an Aotearoa poetry journal | ISSN 2744-3248

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abecedarian in sleet

Massachusetts, December 2014

around town, they have hung
brilliant, twinkling
cells, pulsing lights like jellyfish who don’t know they are
dead.

every endless night an itch, and my
father calls me up first time this decade to know if I’ve been a
good girl.

haiku hangover mourning after midterms:

brain fog happening
sentences not happening
synapses in mud

invisibility: my latest superpower when you enter to say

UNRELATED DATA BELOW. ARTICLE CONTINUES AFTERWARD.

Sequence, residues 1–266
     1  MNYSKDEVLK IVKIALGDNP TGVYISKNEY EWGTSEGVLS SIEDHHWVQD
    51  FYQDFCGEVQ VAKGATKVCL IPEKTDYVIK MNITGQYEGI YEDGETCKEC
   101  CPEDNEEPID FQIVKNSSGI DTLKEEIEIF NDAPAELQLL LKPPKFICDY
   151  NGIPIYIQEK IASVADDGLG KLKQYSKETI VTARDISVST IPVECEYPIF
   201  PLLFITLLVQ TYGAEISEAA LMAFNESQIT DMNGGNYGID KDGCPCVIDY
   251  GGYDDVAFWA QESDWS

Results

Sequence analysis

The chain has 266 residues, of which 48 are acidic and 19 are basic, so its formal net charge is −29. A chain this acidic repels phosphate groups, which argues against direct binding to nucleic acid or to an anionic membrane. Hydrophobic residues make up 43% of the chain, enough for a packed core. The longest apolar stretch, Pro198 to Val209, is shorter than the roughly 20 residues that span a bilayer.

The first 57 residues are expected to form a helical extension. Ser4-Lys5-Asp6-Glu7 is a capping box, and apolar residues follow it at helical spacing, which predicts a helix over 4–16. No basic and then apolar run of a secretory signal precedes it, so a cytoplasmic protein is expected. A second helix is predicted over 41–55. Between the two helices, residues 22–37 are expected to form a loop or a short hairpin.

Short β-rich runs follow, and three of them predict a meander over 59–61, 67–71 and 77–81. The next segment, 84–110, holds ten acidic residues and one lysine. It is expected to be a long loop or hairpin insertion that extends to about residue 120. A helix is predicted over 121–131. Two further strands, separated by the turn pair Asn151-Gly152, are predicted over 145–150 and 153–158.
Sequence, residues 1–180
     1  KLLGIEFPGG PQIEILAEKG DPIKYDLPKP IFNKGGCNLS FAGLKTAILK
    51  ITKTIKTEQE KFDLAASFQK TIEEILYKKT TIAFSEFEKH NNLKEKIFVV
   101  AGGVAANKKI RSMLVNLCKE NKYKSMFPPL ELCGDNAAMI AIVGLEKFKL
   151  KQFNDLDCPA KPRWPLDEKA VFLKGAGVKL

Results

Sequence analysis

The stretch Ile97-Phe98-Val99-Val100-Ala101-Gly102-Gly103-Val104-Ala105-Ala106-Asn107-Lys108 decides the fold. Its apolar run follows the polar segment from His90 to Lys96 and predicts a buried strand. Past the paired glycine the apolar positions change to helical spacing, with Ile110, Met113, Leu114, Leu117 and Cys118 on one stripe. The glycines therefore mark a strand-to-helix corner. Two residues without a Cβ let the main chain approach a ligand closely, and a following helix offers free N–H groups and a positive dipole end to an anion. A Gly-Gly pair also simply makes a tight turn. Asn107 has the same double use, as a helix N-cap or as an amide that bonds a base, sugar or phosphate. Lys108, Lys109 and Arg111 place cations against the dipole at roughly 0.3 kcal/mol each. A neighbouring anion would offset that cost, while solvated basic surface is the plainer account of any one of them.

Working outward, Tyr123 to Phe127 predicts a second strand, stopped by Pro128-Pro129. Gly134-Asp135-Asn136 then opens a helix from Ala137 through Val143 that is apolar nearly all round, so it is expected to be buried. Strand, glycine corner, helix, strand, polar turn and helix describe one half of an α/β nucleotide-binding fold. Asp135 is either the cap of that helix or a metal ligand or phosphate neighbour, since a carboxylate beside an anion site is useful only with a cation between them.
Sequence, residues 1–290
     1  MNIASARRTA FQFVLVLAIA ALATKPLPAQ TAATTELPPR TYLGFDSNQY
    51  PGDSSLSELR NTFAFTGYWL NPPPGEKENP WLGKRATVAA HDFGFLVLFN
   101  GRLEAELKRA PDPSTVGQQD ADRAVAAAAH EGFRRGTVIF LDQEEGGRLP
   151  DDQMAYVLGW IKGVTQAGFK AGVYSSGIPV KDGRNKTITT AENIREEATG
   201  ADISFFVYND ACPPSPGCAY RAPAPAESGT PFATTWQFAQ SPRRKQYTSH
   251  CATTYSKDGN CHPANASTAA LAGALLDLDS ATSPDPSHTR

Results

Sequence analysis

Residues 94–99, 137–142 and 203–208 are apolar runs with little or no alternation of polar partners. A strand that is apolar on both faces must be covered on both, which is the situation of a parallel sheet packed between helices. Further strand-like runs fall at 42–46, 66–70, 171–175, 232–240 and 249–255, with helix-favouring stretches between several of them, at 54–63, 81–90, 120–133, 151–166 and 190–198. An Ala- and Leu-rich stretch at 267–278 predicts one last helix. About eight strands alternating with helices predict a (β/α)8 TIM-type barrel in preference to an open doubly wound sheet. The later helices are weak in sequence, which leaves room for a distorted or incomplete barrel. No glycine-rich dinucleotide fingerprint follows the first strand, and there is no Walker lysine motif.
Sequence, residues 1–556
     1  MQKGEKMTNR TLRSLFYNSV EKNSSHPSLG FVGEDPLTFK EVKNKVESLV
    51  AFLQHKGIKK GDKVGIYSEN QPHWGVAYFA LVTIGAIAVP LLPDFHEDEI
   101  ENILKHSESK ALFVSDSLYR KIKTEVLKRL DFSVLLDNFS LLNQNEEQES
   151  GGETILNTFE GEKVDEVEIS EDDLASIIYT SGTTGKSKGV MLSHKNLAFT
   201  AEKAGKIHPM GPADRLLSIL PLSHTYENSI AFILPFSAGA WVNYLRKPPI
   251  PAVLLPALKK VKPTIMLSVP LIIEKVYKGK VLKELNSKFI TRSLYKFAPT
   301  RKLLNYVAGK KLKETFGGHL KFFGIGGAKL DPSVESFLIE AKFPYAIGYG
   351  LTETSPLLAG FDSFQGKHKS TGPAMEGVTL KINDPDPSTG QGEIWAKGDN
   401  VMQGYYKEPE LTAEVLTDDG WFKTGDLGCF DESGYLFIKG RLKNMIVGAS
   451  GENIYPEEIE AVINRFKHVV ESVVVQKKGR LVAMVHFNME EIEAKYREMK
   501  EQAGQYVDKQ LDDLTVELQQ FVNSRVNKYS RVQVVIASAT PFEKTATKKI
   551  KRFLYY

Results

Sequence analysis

just
kidding
again

looking at everyone but me. we were a cryptic
myth when we began, but such a good one, the kind you’d want to swallow whole, and hot.

no longer a story,
only floating characters, we shiver on pieces of once
quilted promises, cloaked in ripped sheets, we taste stained, nearly
rotten.

sweaty pits, streaks of grey sun,
the kind of beauty that stings.
under the only lights, fluorescent (those
violet cells still beating), gutters still fill with grimy
white diamonds. still unsure if it’s me or you or your new
Xanax pills building the clear quicksand wall between, except then
you tell me you think maybe
zoos aren’t so bad, not really like prisons, except for the metal, and when their heads hit the concrete—